Customers line up for new Apple iPhone 5S, 5C - Boston News, Weather, Sports | FOX 25 | MyFoxBoston

Customers line up for new Apple iPhone 5S, 5C

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UTICA, Mich. (WJBK) -

Customers lined up early Friday in hopes to be among the first to purchase one of Apple's new iPhones.

Eric Vesprini of Macomb says he waited 13 hours outside the AT&T Wireless store in Utica to get his hands on the new iPhone 5S. The 5S, along with the iPhone 5C, went on sale Friday in the U.S., U.K., China, France, Germany, Hong Kong and Singapore.

"I don't want to wait," said Vesprini, who says he's been waiting two years for Apple to develop its Touch ID fingerprint sensor.

Vesprini endured a few early morning thunderstorms, but was able to get his hands on the new iPhone 5S.

Customers could order the phones online beginning last week. Orders through Apple's website are already starting to be pushed back to October.

If you're in the market for a new phone, which should you get? A barrage of reviews arrived this week, ahead of the release and redesigned software for mobile gadgets. Here's a sampling of what tech reporters, columnists and bloggers are saying:

On the iPhone 5C and 5S

- Walt Mossberg, The Wall Street Journal: "If you are an iPhone fan with any model older than the iPhone 5, the new 5S will be a big step up. If you own an iPhone 5, there's less of a case for upgrading, unless you want the fingerprint reader and improved camera."

- David Pogue, The New York Times: "(The) speed of innovation seems to be slowing down, but don't let that depress you. Focus instead on the silver lining: you can keep your current phone longer without feeling obsolete quite so soon."

- Rich Jaroslovsky, Bloomberg: "If you like Apple products, you'll like these; if you don't, you won't."

- Anick Jesdanun, The Associated Press: "Who knew biometric authentication could be such a blast?"

- Lauren Goode, AllThingsD: "While the 5c looks and feels very familiar, it's still a good phone and an improvement over the 5. But its improvements are evolutionary, not revolutionary."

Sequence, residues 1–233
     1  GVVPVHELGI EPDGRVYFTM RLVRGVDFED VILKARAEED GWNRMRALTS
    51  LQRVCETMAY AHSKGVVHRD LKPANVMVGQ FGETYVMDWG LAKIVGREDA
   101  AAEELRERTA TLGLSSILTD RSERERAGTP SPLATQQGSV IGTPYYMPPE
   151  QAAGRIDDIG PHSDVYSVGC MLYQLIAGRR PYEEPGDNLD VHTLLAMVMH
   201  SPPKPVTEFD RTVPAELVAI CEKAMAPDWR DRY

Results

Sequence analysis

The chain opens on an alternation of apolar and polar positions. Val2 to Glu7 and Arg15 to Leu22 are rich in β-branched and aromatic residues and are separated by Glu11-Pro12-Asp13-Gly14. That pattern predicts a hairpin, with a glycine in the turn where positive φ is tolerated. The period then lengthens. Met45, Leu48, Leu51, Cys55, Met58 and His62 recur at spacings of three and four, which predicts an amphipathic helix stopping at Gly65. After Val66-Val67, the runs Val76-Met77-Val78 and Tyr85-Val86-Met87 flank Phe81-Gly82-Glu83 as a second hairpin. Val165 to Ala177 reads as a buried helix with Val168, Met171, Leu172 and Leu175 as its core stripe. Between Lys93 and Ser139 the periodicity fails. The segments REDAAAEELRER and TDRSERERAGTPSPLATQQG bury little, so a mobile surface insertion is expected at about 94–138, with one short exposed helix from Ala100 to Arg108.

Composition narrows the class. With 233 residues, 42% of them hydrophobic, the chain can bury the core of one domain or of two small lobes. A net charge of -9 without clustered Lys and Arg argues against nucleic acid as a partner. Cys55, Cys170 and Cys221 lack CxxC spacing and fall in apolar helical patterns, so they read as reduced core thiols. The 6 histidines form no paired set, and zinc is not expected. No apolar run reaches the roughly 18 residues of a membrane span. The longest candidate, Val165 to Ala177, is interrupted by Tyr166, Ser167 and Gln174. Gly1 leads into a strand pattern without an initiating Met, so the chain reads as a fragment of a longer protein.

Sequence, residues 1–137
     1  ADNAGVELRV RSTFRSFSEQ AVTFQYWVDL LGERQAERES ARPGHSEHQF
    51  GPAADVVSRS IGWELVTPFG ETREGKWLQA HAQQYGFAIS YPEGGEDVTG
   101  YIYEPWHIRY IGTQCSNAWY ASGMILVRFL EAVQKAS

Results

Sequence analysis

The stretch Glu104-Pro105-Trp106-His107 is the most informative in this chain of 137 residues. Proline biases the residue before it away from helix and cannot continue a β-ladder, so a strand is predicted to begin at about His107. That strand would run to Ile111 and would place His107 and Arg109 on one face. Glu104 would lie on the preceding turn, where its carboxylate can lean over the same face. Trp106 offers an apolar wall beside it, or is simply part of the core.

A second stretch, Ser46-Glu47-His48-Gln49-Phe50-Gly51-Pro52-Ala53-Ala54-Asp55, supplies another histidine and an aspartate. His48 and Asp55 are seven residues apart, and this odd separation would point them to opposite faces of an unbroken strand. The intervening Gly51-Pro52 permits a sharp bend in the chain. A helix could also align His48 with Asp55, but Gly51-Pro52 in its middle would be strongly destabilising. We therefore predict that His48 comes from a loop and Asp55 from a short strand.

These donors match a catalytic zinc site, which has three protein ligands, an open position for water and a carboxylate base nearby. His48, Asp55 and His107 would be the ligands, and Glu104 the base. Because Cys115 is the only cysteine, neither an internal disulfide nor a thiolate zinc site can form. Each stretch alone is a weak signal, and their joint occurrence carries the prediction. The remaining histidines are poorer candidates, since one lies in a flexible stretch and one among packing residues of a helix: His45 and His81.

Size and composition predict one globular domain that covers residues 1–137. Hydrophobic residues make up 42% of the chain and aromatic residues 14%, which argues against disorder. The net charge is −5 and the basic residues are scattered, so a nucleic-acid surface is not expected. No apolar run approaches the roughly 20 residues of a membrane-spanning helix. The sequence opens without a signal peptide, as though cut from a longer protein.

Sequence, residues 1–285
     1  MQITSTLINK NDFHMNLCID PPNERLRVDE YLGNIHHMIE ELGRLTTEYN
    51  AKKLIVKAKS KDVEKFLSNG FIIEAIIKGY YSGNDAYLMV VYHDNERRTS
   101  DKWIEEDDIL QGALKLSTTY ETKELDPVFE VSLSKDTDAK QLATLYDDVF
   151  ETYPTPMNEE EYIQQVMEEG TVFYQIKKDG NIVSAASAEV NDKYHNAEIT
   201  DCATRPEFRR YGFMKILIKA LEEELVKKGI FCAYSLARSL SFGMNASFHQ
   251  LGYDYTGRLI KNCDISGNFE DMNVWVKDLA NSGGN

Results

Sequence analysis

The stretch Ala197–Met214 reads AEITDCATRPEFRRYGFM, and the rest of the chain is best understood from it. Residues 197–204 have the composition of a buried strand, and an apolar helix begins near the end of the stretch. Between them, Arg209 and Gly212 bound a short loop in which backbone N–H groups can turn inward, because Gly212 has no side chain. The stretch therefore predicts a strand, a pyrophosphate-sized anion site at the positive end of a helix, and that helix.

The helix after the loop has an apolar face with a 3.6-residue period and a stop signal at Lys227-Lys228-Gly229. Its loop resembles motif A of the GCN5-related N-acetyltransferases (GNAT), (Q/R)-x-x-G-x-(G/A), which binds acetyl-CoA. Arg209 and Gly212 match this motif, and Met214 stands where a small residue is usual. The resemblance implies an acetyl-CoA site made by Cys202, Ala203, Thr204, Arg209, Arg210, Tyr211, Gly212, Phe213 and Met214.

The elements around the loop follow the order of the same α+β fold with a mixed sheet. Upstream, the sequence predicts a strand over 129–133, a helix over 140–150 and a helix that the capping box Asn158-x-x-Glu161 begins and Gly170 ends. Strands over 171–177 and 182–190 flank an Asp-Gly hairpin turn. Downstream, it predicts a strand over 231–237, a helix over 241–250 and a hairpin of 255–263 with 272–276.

- John Gruber, Daring Fireball: "The 5S is another engineering triumph for Apple (and no slacker in the fashion/branding game either). The 5C, though, is purely an emotional play - and, I think, a winning one."

- Scott Stein, CNET: "The iPhone 5S delivers an improved camera, a nifty fingerprint sensor, and a next-gen CPU and motion-tracking chip."

On iOS 7:

- Darrell Etherington, TechCrunch: "The new mobile operating system is a big visual change, and is likely to feel somewhat disorienting to users upgrading from iOS 6, but in most important ways, it's not that dissimilar from what you're used to, and many of the changes are definitely for the best."

- Mat Honan, Wired: "Apple's new iOS 7 represents the most substantial change to the iPhone since it started supporting third-party apps. But as dramatic as the update may look, it doesn't go far enough functionally."

- Adam Clark Estes, Gizmodo: "It's not just about the flat design. The first time I laid hands on the new operating system, I felt like I had a new phone, one that looked prettier and, more importantly, felt more useful."

Michael Liedtke, The Associated Press (on Sept. 11) "I am already looking forward to downloading the software next week so I can simulate what it's like to have a new iPhone for free."

- David Pogue, The New York Times: "It's a radical, huge redesign."

- Walt Mossberg, The Wall Street Journal: "Buttons and controls are thinner and lighter and, in the browser, they disappear or shrink to make a little more room for content. Overall, the effect is to make the 4-inch screen seem larger."

- The Associated Press contributed to this report

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